Park service to redirect $2.5 million for July 4 celebration, Washington Post reports
(CNN) -- The National Park Service will redirect nearly $2.5 million to help cover costs related to President Donald Trump's July 4 extravaganza in Washington, DC, money that is usually "primarily intended to improve parks across the country," The Washington Post reported Tuesday.
The Post said the use of the funds was confirmed by two unnamed individuals familiar with the agreement. According to the paper, the redirected funds are "typically used to enhance the visitor experience either on the (National) Mall or at smaller parks across the country with projects ranging from road and bridge repair to habitat restoration."
The paper, which said administration officials "have consistently refused to say how much" the event will cost, noted that former National Park Service deputy director Denis P. Galvin said that typically, the July 4 celebration on the mall comes at a cost of about $2 million for the agency. According to the Post, the $2.5 million redirected by the park service "represent just a fraction of the extra costs the government faces" for the event.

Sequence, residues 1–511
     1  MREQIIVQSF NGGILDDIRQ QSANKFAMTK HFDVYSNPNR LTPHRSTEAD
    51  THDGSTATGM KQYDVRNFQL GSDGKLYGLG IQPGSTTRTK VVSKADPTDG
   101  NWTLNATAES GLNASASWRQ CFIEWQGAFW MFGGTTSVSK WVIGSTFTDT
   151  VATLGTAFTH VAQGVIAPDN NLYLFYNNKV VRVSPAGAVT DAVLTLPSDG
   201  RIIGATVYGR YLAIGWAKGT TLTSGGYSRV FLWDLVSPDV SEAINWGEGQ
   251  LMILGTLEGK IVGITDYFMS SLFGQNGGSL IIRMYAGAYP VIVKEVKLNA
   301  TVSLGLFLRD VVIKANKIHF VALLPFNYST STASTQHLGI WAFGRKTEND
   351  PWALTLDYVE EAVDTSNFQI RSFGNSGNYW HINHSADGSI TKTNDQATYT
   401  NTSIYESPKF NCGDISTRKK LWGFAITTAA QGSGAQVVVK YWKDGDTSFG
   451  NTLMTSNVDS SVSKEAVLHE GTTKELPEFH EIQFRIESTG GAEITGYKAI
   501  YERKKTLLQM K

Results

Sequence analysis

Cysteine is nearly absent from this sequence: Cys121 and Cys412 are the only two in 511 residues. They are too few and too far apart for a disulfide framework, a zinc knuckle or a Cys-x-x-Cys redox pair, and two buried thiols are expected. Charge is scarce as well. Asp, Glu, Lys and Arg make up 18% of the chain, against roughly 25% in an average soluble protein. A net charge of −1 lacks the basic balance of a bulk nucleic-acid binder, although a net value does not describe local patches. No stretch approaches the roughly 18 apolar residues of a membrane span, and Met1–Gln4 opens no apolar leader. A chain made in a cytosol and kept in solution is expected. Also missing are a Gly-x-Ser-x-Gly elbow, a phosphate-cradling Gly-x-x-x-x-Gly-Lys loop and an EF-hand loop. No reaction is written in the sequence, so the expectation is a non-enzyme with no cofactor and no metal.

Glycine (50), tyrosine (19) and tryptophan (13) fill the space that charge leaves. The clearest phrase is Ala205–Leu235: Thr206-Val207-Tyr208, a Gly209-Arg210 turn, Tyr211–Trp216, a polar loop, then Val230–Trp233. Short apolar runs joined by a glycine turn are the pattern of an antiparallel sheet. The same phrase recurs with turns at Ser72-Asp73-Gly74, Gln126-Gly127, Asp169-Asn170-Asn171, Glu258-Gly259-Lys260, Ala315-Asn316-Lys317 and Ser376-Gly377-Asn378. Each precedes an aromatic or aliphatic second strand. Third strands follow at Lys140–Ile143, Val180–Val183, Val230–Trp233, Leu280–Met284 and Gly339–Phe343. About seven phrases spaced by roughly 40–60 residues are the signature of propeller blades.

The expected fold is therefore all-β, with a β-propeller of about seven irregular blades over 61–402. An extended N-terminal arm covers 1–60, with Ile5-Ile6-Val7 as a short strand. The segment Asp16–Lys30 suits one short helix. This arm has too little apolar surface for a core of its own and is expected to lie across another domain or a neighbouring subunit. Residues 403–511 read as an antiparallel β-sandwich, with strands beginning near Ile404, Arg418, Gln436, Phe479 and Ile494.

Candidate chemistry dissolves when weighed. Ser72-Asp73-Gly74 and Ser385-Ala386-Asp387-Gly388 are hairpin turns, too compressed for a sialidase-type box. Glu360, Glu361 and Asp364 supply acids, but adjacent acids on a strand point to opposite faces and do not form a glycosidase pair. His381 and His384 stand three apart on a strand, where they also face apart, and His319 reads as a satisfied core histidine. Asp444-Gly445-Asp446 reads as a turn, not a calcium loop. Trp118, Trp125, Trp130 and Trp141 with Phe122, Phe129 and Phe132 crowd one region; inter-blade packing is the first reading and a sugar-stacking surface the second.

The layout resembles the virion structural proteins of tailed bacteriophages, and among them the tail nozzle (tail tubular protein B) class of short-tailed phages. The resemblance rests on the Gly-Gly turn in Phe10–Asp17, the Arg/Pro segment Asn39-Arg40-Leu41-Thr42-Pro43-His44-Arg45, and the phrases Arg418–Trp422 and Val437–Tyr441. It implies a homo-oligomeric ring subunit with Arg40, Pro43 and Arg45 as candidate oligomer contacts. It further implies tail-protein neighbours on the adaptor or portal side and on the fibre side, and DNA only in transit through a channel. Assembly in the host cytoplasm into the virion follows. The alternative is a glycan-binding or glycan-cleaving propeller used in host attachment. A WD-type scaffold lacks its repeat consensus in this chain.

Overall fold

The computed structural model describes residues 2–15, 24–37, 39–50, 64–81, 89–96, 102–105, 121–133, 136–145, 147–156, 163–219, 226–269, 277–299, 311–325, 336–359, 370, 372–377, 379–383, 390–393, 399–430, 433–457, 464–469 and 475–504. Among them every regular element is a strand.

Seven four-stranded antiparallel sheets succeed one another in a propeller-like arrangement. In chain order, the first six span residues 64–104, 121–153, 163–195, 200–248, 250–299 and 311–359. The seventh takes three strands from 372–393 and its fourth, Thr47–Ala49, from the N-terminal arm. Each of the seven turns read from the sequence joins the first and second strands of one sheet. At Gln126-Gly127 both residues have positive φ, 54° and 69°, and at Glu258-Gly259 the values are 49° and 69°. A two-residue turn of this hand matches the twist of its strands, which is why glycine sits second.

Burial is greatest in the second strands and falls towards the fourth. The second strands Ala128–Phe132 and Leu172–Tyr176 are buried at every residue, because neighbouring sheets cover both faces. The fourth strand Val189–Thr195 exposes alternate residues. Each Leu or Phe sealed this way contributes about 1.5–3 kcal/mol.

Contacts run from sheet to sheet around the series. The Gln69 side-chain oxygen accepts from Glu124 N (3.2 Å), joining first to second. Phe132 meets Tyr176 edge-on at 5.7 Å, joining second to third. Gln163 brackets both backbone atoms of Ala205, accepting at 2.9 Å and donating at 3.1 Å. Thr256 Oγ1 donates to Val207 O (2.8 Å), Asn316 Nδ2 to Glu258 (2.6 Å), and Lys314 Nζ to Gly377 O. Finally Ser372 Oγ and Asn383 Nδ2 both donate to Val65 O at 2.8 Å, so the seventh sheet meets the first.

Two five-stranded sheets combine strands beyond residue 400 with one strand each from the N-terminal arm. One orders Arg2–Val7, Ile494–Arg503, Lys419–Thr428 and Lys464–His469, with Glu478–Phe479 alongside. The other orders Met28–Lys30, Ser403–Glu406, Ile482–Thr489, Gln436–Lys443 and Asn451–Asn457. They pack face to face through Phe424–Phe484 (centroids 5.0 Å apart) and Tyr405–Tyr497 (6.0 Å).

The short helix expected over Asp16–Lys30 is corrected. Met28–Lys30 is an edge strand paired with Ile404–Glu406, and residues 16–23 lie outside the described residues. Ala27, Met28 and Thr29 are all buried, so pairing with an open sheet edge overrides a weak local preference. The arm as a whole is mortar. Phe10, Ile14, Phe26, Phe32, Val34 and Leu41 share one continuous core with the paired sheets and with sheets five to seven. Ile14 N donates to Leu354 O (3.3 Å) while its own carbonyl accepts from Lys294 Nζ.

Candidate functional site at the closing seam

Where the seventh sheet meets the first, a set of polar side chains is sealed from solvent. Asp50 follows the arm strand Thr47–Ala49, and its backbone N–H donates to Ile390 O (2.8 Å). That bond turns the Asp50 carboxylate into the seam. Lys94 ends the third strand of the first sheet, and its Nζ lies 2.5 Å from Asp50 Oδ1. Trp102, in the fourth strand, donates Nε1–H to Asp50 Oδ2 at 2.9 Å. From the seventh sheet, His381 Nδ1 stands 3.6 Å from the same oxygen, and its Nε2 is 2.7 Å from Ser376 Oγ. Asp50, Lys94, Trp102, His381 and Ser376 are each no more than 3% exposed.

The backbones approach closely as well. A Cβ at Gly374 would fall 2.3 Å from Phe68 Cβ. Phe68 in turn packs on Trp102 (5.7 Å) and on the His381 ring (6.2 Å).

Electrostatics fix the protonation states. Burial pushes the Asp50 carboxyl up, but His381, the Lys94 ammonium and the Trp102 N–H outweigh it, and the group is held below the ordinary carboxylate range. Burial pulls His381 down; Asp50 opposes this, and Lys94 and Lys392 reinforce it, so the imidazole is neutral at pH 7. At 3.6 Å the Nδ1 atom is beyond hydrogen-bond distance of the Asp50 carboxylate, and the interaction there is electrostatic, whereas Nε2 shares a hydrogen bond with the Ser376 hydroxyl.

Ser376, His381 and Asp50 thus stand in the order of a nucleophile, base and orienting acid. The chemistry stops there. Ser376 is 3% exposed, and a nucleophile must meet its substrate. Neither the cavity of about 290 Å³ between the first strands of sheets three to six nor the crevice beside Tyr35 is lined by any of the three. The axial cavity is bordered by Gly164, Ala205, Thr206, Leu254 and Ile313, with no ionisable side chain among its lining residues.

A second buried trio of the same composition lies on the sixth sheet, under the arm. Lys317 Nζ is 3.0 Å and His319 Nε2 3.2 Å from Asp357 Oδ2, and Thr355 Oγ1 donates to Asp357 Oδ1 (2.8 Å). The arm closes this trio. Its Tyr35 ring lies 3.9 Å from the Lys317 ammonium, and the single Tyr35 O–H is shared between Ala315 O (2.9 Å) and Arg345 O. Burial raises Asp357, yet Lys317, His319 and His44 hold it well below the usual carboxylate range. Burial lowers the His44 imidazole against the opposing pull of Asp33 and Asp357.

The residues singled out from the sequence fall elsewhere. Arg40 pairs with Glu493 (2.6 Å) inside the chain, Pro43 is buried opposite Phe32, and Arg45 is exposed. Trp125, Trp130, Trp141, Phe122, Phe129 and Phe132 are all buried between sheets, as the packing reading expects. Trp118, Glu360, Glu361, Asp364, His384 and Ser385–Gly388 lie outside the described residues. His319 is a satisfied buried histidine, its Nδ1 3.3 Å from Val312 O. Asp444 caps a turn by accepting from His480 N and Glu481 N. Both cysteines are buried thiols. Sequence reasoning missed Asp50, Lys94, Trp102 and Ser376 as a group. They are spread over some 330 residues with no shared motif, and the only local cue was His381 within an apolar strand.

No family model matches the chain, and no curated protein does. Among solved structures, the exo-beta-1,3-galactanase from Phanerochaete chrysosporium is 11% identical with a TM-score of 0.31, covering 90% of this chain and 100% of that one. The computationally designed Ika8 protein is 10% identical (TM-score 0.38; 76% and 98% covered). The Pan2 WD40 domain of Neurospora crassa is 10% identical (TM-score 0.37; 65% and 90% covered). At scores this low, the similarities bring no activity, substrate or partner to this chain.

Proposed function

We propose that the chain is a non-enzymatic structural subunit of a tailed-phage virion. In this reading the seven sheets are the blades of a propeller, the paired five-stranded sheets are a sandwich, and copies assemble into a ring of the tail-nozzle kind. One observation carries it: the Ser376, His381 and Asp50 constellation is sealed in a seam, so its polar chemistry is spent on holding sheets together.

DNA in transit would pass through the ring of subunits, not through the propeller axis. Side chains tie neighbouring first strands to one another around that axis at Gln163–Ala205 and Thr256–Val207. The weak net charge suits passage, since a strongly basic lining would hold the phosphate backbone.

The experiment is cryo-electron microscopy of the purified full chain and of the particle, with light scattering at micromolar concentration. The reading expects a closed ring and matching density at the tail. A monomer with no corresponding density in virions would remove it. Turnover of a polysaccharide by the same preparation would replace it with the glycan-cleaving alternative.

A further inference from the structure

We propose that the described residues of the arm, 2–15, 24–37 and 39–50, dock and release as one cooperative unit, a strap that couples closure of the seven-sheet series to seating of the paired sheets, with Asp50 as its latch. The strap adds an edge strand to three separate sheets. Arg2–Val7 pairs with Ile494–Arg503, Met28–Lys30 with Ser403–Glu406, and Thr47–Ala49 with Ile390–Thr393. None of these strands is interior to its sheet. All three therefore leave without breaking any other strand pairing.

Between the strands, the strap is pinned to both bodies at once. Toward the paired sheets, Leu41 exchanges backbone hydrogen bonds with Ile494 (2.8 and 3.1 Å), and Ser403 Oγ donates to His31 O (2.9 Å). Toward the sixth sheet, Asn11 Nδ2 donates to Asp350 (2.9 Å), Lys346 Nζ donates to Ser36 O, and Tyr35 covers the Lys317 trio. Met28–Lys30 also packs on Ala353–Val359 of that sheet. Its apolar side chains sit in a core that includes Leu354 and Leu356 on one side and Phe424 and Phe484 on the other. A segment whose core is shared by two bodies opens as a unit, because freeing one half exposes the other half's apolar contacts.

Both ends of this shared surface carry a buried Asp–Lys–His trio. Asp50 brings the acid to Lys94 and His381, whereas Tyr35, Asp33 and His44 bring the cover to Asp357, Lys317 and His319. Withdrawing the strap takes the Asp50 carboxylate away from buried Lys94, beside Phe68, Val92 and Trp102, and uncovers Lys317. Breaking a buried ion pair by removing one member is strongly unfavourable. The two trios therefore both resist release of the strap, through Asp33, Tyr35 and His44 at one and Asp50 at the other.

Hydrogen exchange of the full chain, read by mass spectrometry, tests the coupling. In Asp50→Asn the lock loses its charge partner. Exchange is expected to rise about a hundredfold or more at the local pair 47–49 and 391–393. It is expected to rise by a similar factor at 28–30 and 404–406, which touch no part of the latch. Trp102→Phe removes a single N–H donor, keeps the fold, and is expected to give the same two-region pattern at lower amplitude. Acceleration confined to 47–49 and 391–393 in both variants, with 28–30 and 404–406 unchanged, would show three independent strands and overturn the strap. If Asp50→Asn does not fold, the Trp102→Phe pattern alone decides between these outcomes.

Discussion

Citing budget documents, the paper also said the nearly $2.5 million from the agency "amounts to nearly 5 percent of the funds that less-profitable parks used last year for upgrades."
This year's event, dubbed the "Salute to America" celebration, has been touted by Trump for several months. The event will feature a number of changes from the usual July 4 celebration in Washington, including a speech by the President at the Lincoln Memorial and the showcasing of a wide variety of military weaponry, including M1 Abrams tanks.
On Wednesday, Trump claimed in a tweet that the celebration will cost "very little" and that the only incurred expense will be the fuel needed for a ceremonial flyover of military aircraft.
"The cost of our great Salute to America tomorrow will be very little compared to what it is worth. We own the planes, we have the pilots, the airport is right next door (Andrews), all we need is the fuel. We own the tanks and all. Fireworks are donated by two of the greats. Nice!" the tweet read.
His tweet, however, doesn't mention the additional costs for the security, personnel and infrastructure required to put on the event, as well as the expenses that are necessary to protect the President.
According to the Post, Brendan Fischer, the federal reform director for the Campaign Legal Center, said the President's speech could cause issues related to the use of the NPS funds as "federal appropriations law prohibits using public money for political purposes."
If Trump "refers to some of the 2020 presidential hopefuls, or polling related to the race, Trump's reelection campaign may be required to reimburse the U.S. Treasury," the paper said.
"'The content of the event, and the nature of the event, is probably the determining factor,' as opposed to donors getting to see Trump up close," Fischer told the Post, referring to the the fact that the President's political allies received some of the VIP tickets to the celebration.
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